Valence and core electrons

Figure 1: The two yellow electrons on the outermost oval are the valence electrons; the other 10 electrons are core electrons.[1] This picture does not address the quantum mechanics of electrons around atoms.

Electrons exist in orbitals around a nucleus. These orbitals and the energy needed to remove each of these electrons from the atom are set by quantum mechanics. Each of these orbitals serves to create a shell of electrons in the atom. Valence electrons are the electrons orbiting the nucleus in the outermost atomic shell of an atom. Electrons that are closer to the nucleus are in filled orbitals and are called core electrons. Valence electrons are the farthest from the positive charge (the protons) and thus tend to be easier to remove than core electrons; this means that it takes them less energy to move far away from the atom. This difference comes from the electric force being an inverse square law. In addition, core electrons in the inner shells have lower energy levels than the valence electrons occupying the outer shell. This means that electrons in the inner shells can absorb bits of energy and move (jump) to the valence electron shell.

Valence electrons and chemical reactions

In chemical reactions, the electrons can even break free from the valence shell. This can be to create an ionic bond or to become an ion. When an electron leaves a neutral atom, it loses a negative charge and turns into a positively charged ion. For example, sodium (Na) has one electron in it's outer shell. Thus it wants to lose a single electron and become an Na+ ion. An atom can also gain an electron (usually to fill it's valence shell) and turn into a negatively charged ion. This can be seen with Chlorine, which in it's neutral state is missing one electron in it's valence electron shell. Thus, it wants to pick up an electron and become a Cl- ion.[2]

Noble gases are elements that have a full valence shell, meaning that the outer shell is completely filled with electrons. Noble gases neither want to gain or lose an electron, which means they tend to be chemically inert (unreactive). In general, atoms want to have full valence electron shells. This is why atoms, and also chemical compounds, lose or gain electrons to become ions, and also why they form ionic and covalent bonds.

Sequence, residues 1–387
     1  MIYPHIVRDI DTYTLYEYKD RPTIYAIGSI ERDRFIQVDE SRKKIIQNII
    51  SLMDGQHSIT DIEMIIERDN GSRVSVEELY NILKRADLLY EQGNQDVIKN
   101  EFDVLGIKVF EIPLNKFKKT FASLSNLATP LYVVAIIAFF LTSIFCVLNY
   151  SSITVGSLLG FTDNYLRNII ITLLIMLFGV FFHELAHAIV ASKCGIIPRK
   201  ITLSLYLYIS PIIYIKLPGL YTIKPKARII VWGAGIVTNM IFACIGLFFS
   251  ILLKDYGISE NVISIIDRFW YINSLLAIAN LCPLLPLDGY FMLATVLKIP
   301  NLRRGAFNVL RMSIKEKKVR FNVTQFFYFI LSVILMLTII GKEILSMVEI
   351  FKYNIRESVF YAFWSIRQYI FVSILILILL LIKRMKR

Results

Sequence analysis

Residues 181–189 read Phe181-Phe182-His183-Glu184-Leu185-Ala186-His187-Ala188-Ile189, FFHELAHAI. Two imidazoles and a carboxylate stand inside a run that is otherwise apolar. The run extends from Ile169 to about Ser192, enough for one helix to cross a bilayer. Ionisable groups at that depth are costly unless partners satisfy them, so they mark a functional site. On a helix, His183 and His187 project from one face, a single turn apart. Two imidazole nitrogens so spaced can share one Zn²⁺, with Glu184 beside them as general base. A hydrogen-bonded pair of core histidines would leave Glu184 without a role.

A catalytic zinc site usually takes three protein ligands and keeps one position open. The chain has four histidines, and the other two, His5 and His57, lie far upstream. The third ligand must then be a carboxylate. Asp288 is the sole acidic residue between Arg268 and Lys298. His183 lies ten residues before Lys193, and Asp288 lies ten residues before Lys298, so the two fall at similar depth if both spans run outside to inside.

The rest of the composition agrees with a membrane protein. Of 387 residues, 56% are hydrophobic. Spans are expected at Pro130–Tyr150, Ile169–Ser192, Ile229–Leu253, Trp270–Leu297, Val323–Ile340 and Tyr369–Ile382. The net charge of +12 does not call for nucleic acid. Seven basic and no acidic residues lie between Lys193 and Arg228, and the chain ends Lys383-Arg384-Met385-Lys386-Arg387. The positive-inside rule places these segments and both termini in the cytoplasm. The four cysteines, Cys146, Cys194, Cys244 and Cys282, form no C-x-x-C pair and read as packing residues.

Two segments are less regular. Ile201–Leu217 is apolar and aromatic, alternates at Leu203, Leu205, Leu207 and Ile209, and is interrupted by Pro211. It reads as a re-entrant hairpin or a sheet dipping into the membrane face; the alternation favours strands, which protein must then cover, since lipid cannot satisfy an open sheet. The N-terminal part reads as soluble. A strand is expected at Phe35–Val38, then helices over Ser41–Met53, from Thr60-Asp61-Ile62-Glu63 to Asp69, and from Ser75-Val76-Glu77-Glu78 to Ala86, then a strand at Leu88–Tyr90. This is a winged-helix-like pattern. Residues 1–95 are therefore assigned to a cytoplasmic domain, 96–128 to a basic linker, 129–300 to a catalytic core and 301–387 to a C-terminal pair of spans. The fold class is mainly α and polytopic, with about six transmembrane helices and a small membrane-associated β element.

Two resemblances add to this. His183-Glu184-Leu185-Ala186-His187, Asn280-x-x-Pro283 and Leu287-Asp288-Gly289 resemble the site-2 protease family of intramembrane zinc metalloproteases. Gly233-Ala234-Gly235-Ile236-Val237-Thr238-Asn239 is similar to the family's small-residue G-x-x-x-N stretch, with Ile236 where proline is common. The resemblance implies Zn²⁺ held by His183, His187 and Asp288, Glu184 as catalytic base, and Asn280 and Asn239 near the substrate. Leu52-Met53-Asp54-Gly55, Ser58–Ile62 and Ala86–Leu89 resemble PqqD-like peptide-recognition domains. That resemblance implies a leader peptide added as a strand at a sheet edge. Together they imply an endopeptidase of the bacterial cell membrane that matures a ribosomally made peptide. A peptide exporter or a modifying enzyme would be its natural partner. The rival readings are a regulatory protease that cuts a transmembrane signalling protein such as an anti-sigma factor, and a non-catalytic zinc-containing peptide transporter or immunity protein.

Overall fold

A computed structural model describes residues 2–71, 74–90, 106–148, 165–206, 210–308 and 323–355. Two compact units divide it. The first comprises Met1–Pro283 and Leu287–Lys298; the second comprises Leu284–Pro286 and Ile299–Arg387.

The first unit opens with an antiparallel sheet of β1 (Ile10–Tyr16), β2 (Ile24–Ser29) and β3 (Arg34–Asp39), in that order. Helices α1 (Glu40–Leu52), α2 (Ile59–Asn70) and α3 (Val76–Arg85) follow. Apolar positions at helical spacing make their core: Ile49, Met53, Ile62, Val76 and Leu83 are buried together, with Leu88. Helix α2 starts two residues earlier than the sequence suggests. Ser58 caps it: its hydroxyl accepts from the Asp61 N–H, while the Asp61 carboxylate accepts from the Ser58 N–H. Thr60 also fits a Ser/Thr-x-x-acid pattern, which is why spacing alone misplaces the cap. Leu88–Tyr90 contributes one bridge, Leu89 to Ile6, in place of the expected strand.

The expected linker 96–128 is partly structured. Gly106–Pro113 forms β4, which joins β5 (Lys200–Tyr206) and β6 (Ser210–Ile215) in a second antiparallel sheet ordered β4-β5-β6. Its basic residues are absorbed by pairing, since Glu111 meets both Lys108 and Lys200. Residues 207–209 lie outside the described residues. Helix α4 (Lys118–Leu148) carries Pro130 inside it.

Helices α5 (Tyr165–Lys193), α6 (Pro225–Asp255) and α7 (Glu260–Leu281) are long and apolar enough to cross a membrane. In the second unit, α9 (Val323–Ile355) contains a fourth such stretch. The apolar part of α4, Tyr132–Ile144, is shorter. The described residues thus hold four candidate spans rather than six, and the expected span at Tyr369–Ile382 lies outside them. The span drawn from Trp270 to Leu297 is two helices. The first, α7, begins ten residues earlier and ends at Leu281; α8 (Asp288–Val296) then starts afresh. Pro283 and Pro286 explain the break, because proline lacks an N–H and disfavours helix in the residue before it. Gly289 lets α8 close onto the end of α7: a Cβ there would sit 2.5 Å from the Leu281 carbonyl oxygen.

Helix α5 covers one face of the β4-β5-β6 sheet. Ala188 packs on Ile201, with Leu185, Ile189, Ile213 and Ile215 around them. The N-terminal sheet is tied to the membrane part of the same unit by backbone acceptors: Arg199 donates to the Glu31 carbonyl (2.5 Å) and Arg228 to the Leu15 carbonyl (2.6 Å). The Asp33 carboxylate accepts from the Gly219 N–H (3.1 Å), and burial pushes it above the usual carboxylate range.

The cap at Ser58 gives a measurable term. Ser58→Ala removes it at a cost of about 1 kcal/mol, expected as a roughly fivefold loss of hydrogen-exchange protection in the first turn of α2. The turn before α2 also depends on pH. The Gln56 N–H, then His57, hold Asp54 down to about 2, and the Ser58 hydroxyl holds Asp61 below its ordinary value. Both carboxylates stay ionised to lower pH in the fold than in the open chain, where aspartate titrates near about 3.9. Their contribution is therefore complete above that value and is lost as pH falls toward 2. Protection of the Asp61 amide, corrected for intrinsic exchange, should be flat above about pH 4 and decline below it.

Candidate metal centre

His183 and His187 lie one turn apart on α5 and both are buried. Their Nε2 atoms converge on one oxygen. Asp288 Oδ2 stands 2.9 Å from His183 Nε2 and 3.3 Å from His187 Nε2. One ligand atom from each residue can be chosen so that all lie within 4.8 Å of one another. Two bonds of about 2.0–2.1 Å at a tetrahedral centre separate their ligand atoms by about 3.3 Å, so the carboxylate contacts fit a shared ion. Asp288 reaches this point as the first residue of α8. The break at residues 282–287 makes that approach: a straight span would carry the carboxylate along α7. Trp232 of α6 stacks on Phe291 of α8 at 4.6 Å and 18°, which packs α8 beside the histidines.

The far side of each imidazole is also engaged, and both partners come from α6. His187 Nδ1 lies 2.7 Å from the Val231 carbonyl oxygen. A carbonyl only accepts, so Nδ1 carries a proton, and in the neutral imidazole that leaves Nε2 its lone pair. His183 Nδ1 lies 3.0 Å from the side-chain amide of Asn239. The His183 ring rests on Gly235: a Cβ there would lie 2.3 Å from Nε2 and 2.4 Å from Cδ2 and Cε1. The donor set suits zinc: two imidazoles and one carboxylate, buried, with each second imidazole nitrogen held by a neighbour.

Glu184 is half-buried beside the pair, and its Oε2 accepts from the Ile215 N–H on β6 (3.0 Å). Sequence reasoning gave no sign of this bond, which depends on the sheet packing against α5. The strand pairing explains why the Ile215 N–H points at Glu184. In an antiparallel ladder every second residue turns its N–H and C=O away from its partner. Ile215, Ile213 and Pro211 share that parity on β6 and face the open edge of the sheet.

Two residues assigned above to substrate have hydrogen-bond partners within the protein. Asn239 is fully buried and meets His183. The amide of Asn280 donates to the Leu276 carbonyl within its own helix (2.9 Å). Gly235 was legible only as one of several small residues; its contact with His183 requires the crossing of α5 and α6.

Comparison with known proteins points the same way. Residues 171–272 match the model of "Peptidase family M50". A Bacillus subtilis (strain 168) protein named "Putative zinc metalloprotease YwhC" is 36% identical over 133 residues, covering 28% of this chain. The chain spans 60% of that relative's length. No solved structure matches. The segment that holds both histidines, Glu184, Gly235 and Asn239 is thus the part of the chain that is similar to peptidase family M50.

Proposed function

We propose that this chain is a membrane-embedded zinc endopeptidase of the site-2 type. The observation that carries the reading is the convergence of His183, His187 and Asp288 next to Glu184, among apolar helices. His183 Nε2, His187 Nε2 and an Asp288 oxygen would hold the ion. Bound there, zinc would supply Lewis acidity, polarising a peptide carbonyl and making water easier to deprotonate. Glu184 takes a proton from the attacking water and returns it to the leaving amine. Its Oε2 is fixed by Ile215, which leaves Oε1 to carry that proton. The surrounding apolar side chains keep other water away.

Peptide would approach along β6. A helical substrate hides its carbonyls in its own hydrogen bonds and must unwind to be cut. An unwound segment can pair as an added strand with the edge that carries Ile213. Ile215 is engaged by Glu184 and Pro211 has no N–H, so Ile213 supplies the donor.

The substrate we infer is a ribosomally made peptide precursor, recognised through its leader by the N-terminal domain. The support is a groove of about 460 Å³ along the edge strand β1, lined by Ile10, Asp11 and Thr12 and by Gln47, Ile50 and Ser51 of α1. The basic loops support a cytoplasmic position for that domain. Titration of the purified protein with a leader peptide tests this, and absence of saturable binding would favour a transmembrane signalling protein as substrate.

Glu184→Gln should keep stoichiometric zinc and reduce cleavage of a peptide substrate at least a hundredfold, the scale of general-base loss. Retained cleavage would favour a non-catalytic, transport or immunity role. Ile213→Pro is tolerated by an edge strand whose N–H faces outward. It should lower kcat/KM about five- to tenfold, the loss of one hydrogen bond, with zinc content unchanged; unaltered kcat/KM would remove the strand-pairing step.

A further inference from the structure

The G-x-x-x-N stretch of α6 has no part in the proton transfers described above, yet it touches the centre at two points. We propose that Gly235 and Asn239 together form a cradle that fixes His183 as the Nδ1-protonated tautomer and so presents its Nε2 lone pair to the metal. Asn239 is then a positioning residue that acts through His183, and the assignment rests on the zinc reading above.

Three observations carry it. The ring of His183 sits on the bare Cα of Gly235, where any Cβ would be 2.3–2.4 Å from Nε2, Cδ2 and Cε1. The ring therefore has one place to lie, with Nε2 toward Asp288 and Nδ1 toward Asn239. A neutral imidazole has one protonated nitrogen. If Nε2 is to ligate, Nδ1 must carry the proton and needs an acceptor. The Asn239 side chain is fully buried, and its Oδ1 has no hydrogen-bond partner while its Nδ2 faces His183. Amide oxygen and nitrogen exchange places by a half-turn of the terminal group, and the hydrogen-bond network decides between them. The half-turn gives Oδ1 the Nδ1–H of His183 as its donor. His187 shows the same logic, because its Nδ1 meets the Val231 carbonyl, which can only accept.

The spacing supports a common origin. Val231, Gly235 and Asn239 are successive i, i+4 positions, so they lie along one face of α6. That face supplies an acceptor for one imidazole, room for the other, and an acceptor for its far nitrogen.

Valence electrons and chemical bonding

Figure 2: Depiction of the covalent sigma bonds in Ethane. Valence electron pairs are being shared between the carbon atoms to create a single carbon-carbon bond.[3]

In both ionic and covalent bonding, it is the valence electrons that participate these chemical bonds.[2] In single covalent bonds, typically both atoms in the bond contribute one valence electron each in order to form a shared electron pair. An example is seen in figure 2 where a strong sigma bond (σ bond) is formed. Valence electrons are also used to form double and triple bonds, which have valence electrons configured in pi bonds (π bonds).[4]

In ionic bonding, valence electrons are completely transferred between atoms. It is a type of chemical bond that generates two oppositely charged ions, one anion and one cation. Ionic bonding is observed because metals have few electrons in their valence orbitals and nonmetals almost have 8 electrons in their valence shells. Metals lose their valence electrons and become more stable by satisfying the octet rule. Similarly, nonmetals will readily accept electrons to achieve a noble gas configuration.[4]

For more information about valence electrons, core electrons and how they related to chemical reactions please see UC Davis's chem wiki.

For Further Reading


  1. This image was created by part of the Energy Education team.
  2. 2.0 2.1 "Valence electrons and open valences." Chemistry LibreTexts, 2019. [Online]. Available: [Accessed: May 15, 2021]
  3. "Illustrated Glossary of Organic Chemistry." UCLA College. Online. Available:
  4. 4.0 4.1 "Ionic and Covalent Bonds," Chemistry LibreTexts, 2020. Online. Available: